From a key observer of life: a plea to save biodiversity

Edward O. Wilson tells why scientists should be activists, species preservation is affordable, and humans have a debt to earth

By , Staff writer of The Christian Science Monitor

In Edward O. Wilson's office at Harvard's Museum of Comparative Zoology, bugs – and other diminutive creatures – are a big theme.

Artwork depicting ants and other insects adorns the walls, alongside a photograph of a snail endangered in the southern Appalachians. Size has never mattered to this champion of biodiversity, who says his weakness is that "every endangered species that I encounter, I fall in love with." One of his two Pulitzer prizes was for his seminal work, "The Ants."

But Wilson looks to larger species, too – he considers the Sumatran rhino a "kind of talisman" – and his work has extended to philosophy, sociobiology, humanity's debt to nature, and the connections between different branches of knowledge. An activist as well as a scientist, he sits on the boards of several international conservation organizations.

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In his latest book "The Future of Life" (Knopf), he not only gives a vivid picture of the bounty of species – and their rapid disappearance – but an impassioned call to action and a blueprint for saving the earth's biodiversity.

Calling himself a "cautious optimist," he points to several positive signs in biodiversity conservation, and also insists that, with targeted efforts and a moderate financial commitment, it is possible to save many of the world's disappearing species.

While global warming, ozone depletion, and cleaner air and water frequently attract news coverage and public attention, the issue of disappearing species and ecosystems sometimes fades to the background. According to Wilson, it's a critical issue to address for several reasons. First, unlike physical degradation of the environment, species extinction is irreversible. Second, it makes economic sense. Wilson points to a group of biologists and economists who in 1997 estimated that the services the natural world provides – things like clean air, clean water, and arable soil – amounted to about $33 trillion a year.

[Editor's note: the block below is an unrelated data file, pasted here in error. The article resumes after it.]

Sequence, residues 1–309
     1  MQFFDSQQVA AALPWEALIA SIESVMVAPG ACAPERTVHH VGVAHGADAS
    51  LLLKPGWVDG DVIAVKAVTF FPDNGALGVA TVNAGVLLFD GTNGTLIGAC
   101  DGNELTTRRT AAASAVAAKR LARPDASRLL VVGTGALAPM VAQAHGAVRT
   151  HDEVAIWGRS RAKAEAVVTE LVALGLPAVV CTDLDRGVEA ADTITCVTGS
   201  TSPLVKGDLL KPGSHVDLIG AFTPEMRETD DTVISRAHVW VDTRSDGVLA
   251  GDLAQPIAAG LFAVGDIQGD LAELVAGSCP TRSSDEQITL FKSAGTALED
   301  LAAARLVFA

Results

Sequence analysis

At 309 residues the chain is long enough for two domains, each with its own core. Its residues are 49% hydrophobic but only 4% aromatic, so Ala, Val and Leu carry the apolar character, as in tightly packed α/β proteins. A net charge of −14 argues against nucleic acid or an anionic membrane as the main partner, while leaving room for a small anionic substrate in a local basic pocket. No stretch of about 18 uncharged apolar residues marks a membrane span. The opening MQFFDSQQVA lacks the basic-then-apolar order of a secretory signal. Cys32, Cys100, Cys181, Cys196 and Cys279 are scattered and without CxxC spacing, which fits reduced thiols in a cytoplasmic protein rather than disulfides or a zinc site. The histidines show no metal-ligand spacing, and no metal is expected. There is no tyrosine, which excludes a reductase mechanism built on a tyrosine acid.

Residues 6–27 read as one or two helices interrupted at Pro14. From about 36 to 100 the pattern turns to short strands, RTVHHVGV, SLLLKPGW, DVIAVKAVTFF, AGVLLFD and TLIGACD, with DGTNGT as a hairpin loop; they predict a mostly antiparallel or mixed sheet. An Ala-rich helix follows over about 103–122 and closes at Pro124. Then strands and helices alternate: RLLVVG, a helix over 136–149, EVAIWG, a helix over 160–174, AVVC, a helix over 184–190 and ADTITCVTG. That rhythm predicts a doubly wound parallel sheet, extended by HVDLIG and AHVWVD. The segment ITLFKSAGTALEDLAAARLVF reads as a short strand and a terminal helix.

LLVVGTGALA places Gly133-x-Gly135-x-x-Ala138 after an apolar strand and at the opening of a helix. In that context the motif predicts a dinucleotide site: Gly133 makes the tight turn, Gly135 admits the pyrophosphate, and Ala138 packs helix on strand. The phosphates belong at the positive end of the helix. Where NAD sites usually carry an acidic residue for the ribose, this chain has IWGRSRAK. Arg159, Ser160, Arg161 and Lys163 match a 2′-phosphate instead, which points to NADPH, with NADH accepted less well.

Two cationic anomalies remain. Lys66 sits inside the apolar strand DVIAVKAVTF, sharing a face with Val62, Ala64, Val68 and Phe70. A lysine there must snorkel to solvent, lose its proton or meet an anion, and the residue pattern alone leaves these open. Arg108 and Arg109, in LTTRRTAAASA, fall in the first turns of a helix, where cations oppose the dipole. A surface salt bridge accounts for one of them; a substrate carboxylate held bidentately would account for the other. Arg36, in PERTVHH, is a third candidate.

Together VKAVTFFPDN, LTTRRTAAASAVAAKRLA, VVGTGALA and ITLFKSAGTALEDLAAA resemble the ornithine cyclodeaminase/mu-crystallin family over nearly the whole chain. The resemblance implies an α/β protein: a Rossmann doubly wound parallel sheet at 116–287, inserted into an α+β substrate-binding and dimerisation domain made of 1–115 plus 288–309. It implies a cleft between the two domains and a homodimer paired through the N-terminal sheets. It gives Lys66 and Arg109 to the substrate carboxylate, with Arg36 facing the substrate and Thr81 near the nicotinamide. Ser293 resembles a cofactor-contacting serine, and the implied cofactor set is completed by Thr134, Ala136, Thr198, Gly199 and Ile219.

Perhaps most important, says Wilson, saving species and ecosystems is a moral issue. Not to do so, in his opinion, would be a supreme ethical failure in terms of our debt to the world, to future generations, to the very sanctity of creation. He wrote "The Future of Life" – which he begins with an open letter to Henry David Thoreau and peppers with his own sense of wonder – hoping that more people would feel the imperative he does to change humanity's destructive trajectory.

In an interview at his Harvard lab, he discussed his ideas further.

On people's awareness:

One hundred and fifty years ago, humanity was essentially unaware and unconcerned about extinction of species. Very few people put up a squawk when a couple of egg collectors deliberately destroyed the last two great auks. There was scarcely a tear shed when the last passenger pigeon died. We were on the verge of just driving the American bison – the most abundant big mammal in North America – to zero. Finally, in the late 1800s and early 1900s, we began to care about a very small number of species. It became part of our culture to care about the American eagle and the bison and so on. And that's gradually spread.... You have people [in the southern Appalachians] who care about these endangered little mollusks that are in the streams, whereas previously you would have been thought nuts if you'd said they're in danger.

On arguments against conservation efforts:

People are in denial... When someone comes along and says – whether it's Rush Limbaugh, or [author of "The Skeptical Environmentalist"] Bjorn Lomborg, or a petroleum industry spokesman – and says, 'Well, you know, we just don't believe these figures ...," that's a denial.